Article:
Is it early retirement season?
Move over Punxsutawney Phil, there’s a new groundhog in town! Boca Betty can use her groundhog powers to forecast whether you’re on track with your retirement plans. If Betty doesn’t see her shadow, that means you may be headed for an early retirement, but if she does, you might still have some work to do (literally!).
So what is early retirement?
Early retirement means retiring before the age of 65. The average U.S. retirement age is 63: in 2021, the average retirement age for men was 65, and 62 for women.1 If you’re looking to retire early, you’ll need good planning and should consider seeking the help of a financial professional to prepare you for the road ahead — whatever the weather.
While Betty’s shadow may be one indicator of retirement preparedness, there’s some more reliable advice on how to help set yourself up to retire early as well.
Have a written financial strategy
A formal, written financial strategy is one of the best ways to get on track for early retirement, live within your means, and hold yourself financially accountable. According to our research, 74% of the most confident American work have a written financial strategy. Don’t have one? Need a way to get started? Tools like a retirement planner can be a great way to open up conversations with your family and financial professional. Having a written plan, ideally developed with a trusted financial professional, can help to bring clarity and purpose to decision-making.
Be (or become) a world-class saver*
Did you know that only about 4 in 10 Americans have enough savings to cover an unplanned expense of $1,000?2 Some experts say to build the equivalent of three months in spending, and even that may not be enough. For an early retirement, you’ll want as much money saved as possible.
Set up or maintain sources of guaranteed income
Most retirees have at least one or two guaranteed income sources — Social Security and/or pension payments. But for an early retirement, additional sources may be necessary, such as annuities or whole life insurance, which can provide continued support over time and in the event of risks such as health events and market fluctuations.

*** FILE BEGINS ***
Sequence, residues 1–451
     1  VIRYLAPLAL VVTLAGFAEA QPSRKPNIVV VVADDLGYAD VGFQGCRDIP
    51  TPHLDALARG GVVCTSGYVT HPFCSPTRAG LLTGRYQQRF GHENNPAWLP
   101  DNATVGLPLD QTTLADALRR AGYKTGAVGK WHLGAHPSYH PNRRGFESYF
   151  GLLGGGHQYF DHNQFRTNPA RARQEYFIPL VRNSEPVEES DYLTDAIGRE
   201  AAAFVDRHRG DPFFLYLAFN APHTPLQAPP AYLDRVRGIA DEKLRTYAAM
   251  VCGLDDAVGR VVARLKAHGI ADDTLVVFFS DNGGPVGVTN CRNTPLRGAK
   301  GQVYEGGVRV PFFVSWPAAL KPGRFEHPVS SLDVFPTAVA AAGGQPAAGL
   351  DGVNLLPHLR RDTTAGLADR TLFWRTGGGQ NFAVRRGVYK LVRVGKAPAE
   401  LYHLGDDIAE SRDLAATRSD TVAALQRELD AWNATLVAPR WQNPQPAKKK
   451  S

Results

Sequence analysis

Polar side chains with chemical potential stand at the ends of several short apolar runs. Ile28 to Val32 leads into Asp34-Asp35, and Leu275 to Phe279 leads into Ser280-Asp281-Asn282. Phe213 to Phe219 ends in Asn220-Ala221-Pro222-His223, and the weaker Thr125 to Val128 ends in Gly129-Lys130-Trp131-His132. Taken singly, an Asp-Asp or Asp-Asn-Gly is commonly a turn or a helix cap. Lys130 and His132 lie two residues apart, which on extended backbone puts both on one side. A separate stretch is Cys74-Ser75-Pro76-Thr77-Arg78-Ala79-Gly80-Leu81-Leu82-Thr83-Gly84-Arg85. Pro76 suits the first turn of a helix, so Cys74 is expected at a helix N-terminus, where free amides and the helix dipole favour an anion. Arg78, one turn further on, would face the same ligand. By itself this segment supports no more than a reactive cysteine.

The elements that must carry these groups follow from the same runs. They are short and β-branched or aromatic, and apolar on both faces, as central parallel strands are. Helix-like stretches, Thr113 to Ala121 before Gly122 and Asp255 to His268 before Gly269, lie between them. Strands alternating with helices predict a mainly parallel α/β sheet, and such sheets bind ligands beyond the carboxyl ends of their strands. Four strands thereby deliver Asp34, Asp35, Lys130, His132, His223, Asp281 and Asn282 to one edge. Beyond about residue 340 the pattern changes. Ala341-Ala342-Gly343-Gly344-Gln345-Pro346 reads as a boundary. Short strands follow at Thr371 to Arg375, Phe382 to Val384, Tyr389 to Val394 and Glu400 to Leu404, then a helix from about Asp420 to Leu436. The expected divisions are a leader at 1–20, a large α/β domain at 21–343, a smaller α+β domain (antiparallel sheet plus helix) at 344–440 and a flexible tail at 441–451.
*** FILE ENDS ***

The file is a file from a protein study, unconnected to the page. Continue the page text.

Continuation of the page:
Get rid of high-interest debt
High-interest debt (like credit cards) can be a drain on your savings and income — a major problem if you’re planning to retire early. The best plan is to avoid this debt in the first place, especially if early retirement is an aspiration.
Work with a financial professional
With the guidance of a financial professional, retirees are able to prepare for and navigate retirement alongside someone they trust. Don’t do it alone — finding a professional to walk with you through planning can help you avoid obstacles that might delay your retirement (and keep Betty’s shadow out of sight).
Consider an active retirement
Working in some capacity during retirement is an option for many retirees. Retirement work can range from part-time employment, to consulting to starting a small business, and beyond, but if you plan to work after retiring from your main career, it can reduce your income and savings needs.
Retirement worries can feel like being trapped in a time loop — trying and retrying the same strategies, never sure if we’re making progress. Need a dose of professional wisdom to break the cycle? Talk to a financial professional today.
*A “World Class saver” is a person who saves at least 15 to 20% of gross income.
Annuity and life insurance guarantees are backed exclusively by the strength and claims-paying ability of the issuing insurance company. While the primary purpose of life insurance is death benefit protection, it is important to understand the advantages that cash value accumulation can provide to clients, including supplemental income during retirement.
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2022-145440 Exp. 10/2024